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Johns Hopkins study shows potential for restorative practices to reduce suspensions, improve schools

When assistant principal Heather Hilte arrived at Holabird Academy several years ago, she found the students defensive, reserved and unlikely to greet one another or the teachers in the morning.

But Holabird was one of 15 Baltimore public schools that in 2018 implemented an intensive program, called restorative practices, that is aimed at changing the culture of a school to eventually reduce discipline issues and build the community. Restorative practices de-emphasizes suspensions and other discipline in favor of communication to resolve conflict, modify behavior and make students feel valued and part of a community.

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Hilte saw changes after a year. Suspensions went from 98 one year to 54 the next, and office referrals for bad behavior have been declining as well.

“Kids who were so standoffish were giving me hugs every day,” she said, then paused and added, “These are middle school boys. I think it brought kids together. It changed our overall climate.”

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A year after restorative practices was implemented in those test schools suspensions are down by 44% and surveys show relationships between teachers and students in those schools have improved, according to a researcher at the Johns Hopkins Institute for Education Policy. The study was released this week by Johns Hopkins, the Open Society Institute, the Maryland Carey School of Law and the school system.

The study was not designed to prove a causal relationship between restorative practices and suspensions, said researcher Al Passarella. But he said the study did show that teachers and school staff believed it had been implemented successfully throughout the school, that they were comfortable using it and it had improved the school climate.

And, Passarella said, other rigorous studies, including one done in Pittsburgh, have proved the effectiveness of restorative practices — when implemented well — at reducing suspensions

While the program has been around for years and used widely in Maryland, advocates of the program say schools often haven’t provided enough intensive training for teachers and administrators and follow up.

In this case, Open Society Institute has provided $1.2 million in funding for the work in dozens of schools, including paying a consultant to give staff two days of intensive training and two days a week of coaching through the first year, said Karen Webber, director of education and youth development at OSI-Baltimore. Webber used restorative practices while teaching in a city school and witnessed a transformation in her own classroom, long before she went to OSI.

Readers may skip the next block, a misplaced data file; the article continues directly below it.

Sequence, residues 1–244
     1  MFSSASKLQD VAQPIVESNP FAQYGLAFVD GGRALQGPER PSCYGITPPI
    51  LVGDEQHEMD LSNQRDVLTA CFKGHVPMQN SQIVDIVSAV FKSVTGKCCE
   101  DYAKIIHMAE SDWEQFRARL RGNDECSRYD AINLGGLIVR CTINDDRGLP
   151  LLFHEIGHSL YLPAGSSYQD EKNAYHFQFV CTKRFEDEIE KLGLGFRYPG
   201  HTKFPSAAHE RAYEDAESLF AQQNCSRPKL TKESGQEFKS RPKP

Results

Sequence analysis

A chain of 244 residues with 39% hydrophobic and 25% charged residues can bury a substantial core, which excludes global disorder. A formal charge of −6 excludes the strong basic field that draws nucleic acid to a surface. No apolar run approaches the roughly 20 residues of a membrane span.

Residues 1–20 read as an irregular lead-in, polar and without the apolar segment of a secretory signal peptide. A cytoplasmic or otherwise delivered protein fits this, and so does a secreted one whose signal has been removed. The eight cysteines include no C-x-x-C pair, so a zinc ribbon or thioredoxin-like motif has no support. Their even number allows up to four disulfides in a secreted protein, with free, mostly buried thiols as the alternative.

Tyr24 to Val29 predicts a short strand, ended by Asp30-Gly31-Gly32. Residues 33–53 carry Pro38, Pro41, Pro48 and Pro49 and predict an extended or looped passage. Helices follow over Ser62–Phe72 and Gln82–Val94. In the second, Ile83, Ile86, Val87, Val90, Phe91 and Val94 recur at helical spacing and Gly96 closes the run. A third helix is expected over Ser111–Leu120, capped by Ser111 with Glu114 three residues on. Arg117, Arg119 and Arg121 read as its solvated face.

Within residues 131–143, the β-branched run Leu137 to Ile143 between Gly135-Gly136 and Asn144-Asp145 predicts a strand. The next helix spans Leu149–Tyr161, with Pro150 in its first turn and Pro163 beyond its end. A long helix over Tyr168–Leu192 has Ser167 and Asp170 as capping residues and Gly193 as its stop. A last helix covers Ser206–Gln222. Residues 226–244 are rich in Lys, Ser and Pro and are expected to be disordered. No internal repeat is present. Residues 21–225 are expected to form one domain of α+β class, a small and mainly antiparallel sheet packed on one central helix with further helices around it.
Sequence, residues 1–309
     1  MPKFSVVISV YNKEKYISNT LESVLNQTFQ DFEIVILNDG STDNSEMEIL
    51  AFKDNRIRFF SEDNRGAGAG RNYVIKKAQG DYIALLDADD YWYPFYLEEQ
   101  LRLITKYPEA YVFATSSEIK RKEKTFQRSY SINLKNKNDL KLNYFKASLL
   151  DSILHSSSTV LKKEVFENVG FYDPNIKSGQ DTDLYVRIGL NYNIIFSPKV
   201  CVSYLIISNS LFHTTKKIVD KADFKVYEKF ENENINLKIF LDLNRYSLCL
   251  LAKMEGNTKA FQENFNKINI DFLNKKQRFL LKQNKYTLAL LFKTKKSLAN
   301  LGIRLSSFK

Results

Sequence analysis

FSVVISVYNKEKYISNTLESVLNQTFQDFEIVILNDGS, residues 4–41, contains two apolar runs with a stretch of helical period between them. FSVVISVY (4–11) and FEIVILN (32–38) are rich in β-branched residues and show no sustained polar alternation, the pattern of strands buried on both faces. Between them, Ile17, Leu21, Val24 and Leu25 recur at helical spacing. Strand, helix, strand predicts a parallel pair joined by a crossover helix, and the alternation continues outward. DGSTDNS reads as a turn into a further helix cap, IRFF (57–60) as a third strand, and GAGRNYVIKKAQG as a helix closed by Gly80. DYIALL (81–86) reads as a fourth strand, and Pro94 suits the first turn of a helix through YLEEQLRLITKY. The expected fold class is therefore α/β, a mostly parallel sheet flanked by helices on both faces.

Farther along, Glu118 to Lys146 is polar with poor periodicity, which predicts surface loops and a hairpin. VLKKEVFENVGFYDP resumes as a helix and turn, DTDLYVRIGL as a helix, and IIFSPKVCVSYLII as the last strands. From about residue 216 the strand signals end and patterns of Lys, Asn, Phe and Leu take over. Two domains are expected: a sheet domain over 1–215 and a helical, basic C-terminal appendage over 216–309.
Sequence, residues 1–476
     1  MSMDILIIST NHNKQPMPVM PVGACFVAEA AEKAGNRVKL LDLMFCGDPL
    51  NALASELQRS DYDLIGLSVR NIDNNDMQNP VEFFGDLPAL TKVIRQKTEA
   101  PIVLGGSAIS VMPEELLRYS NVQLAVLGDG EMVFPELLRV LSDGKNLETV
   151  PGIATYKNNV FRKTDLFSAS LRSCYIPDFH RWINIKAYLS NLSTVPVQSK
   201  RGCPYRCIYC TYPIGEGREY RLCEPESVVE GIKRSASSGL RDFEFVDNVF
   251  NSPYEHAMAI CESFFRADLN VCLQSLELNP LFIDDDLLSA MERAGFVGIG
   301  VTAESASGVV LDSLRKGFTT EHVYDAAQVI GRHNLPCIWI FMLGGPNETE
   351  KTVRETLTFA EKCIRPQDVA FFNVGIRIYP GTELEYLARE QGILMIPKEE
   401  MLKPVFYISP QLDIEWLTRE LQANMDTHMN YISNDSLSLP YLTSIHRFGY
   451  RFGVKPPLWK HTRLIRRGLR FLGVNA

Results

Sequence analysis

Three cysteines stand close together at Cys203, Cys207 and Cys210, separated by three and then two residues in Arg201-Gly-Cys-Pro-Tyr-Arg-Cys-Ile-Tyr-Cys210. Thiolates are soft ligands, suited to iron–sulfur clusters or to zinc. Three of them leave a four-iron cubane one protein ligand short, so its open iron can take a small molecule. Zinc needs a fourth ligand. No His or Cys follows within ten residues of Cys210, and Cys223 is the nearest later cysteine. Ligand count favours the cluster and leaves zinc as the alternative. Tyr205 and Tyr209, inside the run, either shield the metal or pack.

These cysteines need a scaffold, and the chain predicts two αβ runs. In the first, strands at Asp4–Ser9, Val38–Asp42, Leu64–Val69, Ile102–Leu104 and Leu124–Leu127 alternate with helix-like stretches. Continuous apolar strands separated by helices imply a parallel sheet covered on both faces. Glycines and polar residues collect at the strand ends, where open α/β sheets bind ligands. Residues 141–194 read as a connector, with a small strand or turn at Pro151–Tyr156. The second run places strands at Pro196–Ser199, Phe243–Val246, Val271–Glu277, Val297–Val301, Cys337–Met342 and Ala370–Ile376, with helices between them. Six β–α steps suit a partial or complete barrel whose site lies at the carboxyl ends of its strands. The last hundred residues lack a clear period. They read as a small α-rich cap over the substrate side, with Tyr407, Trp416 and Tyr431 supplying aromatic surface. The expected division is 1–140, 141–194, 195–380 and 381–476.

“This is a way of being and a way of creating well-being,” Webber said. “It attempts to change the behavior within the school by first creating a sense of community among the students and faculty.”

A central element of restorative practices requires a teacher and students to form a circle in a classroom. The teacher asks everyone to respond to a question that attempts to draw out students, such as asking who they would be if they were going to be a super hero?

“Students have voice and they have attention as part of the day,” Webber said.

Those discussions usually happen once a day, but circles also are used with students when there is a disagreement and can be broadened to parents and community members.

Holabird principal Stephanie Novak Pappas said when two children are in a fight or have a disagreement they are asked to come to the school to talk about the issue. In a school without restorative practices, typically the assistant principal would tell the parent what their child had done wrong and what the punishment would be.

In this case, the parents of both sides would come in to discuss what had happened, what harm had been caused by the actions and how the students would move forward.

“We have more involvement from our parents. I think our families and our parents feel welcome,” Novak Pappas said.

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The school system is continuing to increase the number of schools where restorative practices is ingrained in the school culture.

Sarah Warren, executive director of whole child services and support in the city schools, said there are now 56 schools where teachers have received intensive training and restorative practices is being used extensively. It is being combined with a focus on improving the social and emotional health of students.

Another 3,500 teachers received three hours of instruction on restorative practices last month.

“At its heart restorative practices is about building community and building relationships,” Warren said. "Our vision is to keep rolling out the work and look at integrating it throughout the system.”

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